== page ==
Winter Garden Teenager Recognized for Volunteerism

Second Harvest Food Bank of Central Florida recently recognized 17-year-old Quavion Smith for his contributions to the organization and the mission to fight hunger.

Second Harvest Food Bank of Central Florida recently recognized several volunteers for their contributions to the organization and the mission to fight hunger. One of the recipients honored at the 2021 Volunteer Awards, held on August 4, was 17-year-old senior at Apopka High School, Quavion Smith.

Smith received the Andre Reyna Award, which recognizes a young individual who goes above and beyond in their volunteer efforts.

“First, my condolences to the family of Andre Reyna. It means a lot to me because we both share the same goal; fighting hunger. I hope that I can continue to spread as much hope as he did,” says Smith. “I would like to thank the Second Harvest Food Bank of Central Florida and Ms. Ortiz for choosing me for such a prestigious award. Also, I’d like to thank the Herald of Hope and Ms. Candace for providing me an opportunity to volunteer.”

Mindy Ortiz, Director of Volunteer Services, Second Harvest Food Bank of
Central Florida says Quavion was selected for this award for “all of the time and dedication that he has provided to our feeding partner, Herald of Hope. He has been a consistent and reliable volunteer there throughout the pandemic. Our mission is to create hope and nourish lives through a powerful hunger relief network, which is exactly what Quavion did by volunteering at Herald of Hope food pantry and helping with its mobile food distributions.”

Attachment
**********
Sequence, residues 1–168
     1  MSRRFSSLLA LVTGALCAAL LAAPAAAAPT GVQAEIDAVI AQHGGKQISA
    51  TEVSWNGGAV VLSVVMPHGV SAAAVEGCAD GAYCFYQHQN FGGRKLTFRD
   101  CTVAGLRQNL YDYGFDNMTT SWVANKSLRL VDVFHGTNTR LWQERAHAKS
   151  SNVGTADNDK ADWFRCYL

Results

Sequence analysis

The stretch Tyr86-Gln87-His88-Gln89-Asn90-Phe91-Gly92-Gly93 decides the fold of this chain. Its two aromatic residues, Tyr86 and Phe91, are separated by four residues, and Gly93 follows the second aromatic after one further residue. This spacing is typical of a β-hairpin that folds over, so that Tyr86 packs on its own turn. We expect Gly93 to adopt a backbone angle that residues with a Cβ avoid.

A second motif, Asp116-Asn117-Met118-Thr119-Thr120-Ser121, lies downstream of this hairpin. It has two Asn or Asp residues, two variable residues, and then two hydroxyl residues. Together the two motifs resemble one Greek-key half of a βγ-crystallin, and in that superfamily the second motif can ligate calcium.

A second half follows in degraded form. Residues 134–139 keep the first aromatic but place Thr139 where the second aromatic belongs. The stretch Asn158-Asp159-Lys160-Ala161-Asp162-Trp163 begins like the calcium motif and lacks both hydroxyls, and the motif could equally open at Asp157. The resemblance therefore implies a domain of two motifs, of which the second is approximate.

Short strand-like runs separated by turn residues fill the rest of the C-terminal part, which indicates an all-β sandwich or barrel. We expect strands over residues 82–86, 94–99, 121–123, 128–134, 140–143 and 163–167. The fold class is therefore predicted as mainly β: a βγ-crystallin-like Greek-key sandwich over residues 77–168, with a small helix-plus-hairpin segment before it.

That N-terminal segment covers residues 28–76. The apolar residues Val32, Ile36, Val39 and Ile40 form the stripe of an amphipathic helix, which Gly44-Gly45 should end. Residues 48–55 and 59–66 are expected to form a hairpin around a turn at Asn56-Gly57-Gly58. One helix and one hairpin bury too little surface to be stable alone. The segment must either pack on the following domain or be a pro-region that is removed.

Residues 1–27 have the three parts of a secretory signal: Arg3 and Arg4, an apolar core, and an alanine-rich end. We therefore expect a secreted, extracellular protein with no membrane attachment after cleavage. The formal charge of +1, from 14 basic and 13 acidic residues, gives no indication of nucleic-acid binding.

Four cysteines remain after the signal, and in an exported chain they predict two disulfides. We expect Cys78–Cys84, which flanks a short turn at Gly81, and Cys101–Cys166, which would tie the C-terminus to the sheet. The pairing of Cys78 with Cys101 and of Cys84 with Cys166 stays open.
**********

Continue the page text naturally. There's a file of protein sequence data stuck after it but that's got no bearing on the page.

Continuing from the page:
Since August 2020, Smith has volunteered twice a month at Herald of Hope, a partner pantry of Second Harvest, distributing food to the community.

“First, I started volunteering at Herald of Hope to obtain volunteer hours for a Bright Futures scholarship. Secondly, I’m volunteering to help my community during these troubling times (COVID-19 Pandemic),” says Smith.

To date, the Winter Garden teenager has logged 68 volunteer hours, which has saved the pantry an estimated $1,850. Smith’s dedication to volunteering is unwavering according to his grandmother, who stated he’s only missed one Saturday – and that was to take the SAT.

“The most rewarding experience was seeing the smiles on the faces of families that I’ve helped,” says Smith.

In his spare time when not studying or volunteering, Smith enjoys playing video games and talking with his friends. His goal for next year is to attend college and major in Business Management.

Second Harvest Food Bank relies on the generosity of all of its volunteers who give their time to help their neighbors facing hunger. “It would be a great challenge to do what we do without them,” says Ortiz.

To learn more and volunteer at Second Harvest, visit

Written by Kaitlyn Fusco

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